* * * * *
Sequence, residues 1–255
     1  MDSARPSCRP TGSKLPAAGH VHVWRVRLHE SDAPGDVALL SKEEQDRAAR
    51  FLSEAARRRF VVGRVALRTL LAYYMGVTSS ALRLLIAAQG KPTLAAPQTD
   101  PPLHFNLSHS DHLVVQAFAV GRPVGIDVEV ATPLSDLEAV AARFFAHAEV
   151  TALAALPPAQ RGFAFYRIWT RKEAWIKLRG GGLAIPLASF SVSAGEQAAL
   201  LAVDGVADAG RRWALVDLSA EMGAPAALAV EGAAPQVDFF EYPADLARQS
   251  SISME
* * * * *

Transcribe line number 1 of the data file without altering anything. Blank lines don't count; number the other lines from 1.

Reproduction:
Sequence, residues 1–255